Historic victory for miners with silicosis and TB
When Bangumzi Balakisi (65) of eNgqushwa (Peddie) heard that he will be receiving compensation, the first thing he thought of buying is ‘time’.
He is one of thousands of miners diagnosed with silicosis and tuberculosis after working in the Gauteng mines from 1965 to date. Silicosis is a lung fibrosis caused by the inhalation of dust and there is no cure.
Last week, the Johannesburg High Court approved the settlement of the silicosis and tuberculosis class action suit between several mining giants and former miners, represented by various private law firms and the Legal Resources Centre.
The historic judgement will provide meaningful compensation and justice for miners, although some have long succumbed to the diseases, broke and broken. Balakisi plans to consult specialists in order to stabilise his conditions so he can live long enough to see his grandchildren.
He tells the story of migrant labours who left their homes in the Eastern Cape to contribute to an industry that has, over the last 130 years, been the biggest driver of the economy, at the expense of the health of many breadwinners. They left their homes as healthy, ambitious youngsters and returned broke, bitter and victims of the shameful legacy of gold mining, as painfully narrated in the book Broke and Broken by award winning journalist Lucas Ledwaba and photographer, Leon Sadiki. Ngqushwa-born Balakisi left his rural home at the age of 20 in 1974 to work at the gold mines through Teba, a recruitment company established more than a century ago to connect mines with workers. “I was so scared but I knew I had to be a man and go work for my family. We were living under abject poverty, with no food to eat,” recalls Balakisi from the village of Pikoli. He worked as a basic worker and graduated to mine assistant when he was diagnosed with both tuberculosis and silicosis in 1999 while working in Randfontein.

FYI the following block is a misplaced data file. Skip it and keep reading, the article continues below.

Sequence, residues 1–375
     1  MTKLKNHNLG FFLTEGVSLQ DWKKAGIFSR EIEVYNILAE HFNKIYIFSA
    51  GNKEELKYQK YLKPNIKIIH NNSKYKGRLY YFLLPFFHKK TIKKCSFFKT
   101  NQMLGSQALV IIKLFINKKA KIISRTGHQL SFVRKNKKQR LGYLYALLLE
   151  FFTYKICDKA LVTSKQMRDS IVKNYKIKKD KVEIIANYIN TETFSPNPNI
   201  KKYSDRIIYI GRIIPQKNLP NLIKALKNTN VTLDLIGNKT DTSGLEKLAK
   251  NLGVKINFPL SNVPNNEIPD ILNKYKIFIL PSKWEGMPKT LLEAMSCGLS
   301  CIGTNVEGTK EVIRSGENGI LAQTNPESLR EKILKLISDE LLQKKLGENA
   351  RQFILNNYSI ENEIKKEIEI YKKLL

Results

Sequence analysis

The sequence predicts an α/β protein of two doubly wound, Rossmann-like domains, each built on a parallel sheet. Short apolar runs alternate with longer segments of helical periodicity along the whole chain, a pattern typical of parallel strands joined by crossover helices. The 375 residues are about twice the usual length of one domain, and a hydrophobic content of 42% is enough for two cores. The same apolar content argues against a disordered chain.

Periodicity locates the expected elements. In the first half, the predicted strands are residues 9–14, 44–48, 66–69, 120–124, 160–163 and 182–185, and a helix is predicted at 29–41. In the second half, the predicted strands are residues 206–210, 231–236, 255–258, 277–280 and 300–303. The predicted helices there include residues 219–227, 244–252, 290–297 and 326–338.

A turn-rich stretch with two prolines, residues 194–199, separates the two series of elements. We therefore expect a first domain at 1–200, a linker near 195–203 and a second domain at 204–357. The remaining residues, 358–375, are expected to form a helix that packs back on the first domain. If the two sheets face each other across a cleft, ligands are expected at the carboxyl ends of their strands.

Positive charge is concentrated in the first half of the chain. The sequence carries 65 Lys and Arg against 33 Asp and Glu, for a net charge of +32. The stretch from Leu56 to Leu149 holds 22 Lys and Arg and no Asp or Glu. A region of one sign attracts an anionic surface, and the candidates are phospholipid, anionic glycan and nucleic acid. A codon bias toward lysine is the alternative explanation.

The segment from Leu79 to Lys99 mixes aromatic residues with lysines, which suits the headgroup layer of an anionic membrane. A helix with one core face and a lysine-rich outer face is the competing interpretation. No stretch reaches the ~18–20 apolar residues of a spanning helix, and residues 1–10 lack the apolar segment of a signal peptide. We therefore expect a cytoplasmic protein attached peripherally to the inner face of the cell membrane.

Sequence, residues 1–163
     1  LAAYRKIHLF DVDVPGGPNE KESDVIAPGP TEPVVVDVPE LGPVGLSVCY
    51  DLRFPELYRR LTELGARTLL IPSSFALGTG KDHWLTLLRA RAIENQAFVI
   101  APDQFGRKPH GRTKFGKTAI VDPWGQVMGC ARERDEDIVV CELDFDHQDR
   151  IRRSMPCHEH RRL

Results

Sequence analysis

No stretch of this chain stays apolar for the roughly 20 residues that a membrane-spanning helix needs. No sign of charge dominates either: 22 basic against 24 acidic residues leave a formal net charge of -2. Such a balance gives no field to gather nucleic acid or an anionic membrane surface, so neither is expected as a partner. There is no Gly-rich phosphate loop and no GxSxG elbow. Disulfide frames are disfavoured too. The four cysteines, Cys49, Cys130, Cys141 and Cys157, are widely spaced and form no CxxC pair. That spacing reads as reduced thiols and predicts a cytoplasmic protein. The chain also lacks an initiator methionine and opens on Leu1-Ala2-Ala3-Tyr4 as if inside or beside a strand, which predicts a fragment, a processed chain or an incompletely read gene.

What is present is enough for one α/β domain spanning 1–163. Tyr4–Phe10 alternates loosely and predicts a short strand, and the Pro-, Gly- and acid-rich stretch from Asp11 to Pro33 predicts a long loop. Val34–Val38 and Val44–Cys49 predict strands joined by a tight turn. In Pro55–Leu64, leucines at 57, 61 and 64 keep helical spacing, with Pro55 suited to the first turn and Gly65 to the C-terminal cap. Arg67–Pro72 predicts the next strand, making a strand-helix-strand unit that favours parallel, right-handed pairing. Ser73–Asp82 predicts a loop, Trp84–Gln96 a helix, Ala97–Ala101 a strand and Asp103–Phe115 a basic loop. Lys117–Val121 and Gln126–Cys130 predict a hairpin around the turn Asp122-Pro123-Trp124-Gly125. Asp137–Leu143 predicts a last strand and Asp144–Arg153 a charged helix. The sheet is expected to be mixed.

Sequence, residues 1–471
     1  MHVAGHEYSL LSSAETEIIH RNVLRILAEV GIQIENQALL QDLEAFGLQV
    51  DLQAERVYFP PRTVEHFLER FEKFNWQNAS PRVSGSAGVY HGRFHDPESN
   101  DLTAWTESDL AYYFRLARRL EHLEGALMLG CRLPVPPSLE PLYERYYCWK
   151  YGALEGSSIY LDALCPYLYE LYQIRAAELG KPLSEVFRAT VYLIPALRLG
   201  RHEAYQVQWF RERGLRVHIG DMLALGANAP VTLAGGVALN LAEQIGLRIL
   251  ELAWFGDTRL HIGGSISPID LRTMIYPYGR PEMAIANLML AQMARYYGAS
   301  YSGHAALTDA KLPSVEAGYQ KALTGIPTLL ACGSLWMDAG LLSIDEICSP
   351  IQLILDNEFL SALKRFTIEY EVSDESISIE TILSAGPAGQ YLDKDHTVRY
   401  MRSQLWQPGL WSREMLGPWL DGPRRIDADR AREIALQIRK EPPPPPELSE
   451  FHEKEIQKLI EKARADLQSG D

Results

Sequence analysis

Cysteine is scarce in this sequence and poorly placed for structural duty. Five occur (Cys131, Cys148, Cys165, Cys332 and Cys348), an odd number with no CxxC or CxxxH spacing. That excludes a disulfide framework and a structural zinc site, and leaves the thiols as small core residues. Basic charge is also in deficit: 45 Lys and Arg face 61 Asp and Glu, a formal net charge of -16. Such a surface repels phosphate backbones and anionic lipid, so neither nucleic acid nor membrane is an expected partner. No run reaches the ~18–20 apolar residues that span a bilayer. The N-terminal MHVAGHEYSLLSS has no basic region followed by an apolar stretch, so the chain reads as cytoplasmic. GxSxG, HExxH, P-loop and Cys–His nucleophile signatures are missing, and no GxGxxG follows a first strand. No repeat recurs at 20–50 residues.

He earned a measly R800 a month when he fell sick and was retrenched with a R28 000 package in his 40s. “This was way smaller than what I had expected and it was problematic because I was still young and my health made me feel like I was in my 80s,” he said.
The 65-year old had a wife and four children to take care of, medical expenses and an ailing body that gave up on a daily basis, making it impossible to get formal employment. Since then, he worked as a bakkie driver, transporting locals from his village to town as well farming goats for sale, to educate his children. In the last few years, he has been receiving a disability grant. Meanwhile, he has been on treatment from the local hospital. “My health has been getting worse everyday and it pained me to know that we made billions for white people and they discarded us without taking responsibility for many of us who are suffering from the same killer diseases,” he said.
He was one of the first people in 2010 to get a lawyer in Johannesburg to make sure that mining companies pay them for their hard work and its consequences. “I am happy about this victory, but I will be happier when I have the money in my hand. All I can do with it is to prolong my years on earth so I can see my children and their children grow up to be better than me,” said an emotional Balakisi.
Compensation amounts will vary from R70 000 to half a million depending on the medical examinations of the miners concerned. Dependants of those that are deceased will receive payment. The settlement money will be put into the Tshiamiso Trust which will administer claims and payments to eligible claimants. It will also track and trace class members, process all submitted claims, including the undertaking of benefit medical examinations and the payment of benefits to eligible claimants.
All parties are pleased at the conclusion of these highly complex negotiations and hope that the agreement will be duly approved by the High Court.
All parties recognise the constructive approach of their negotiation partners during the process, according to a joint statement by the legal team of all mineworkers.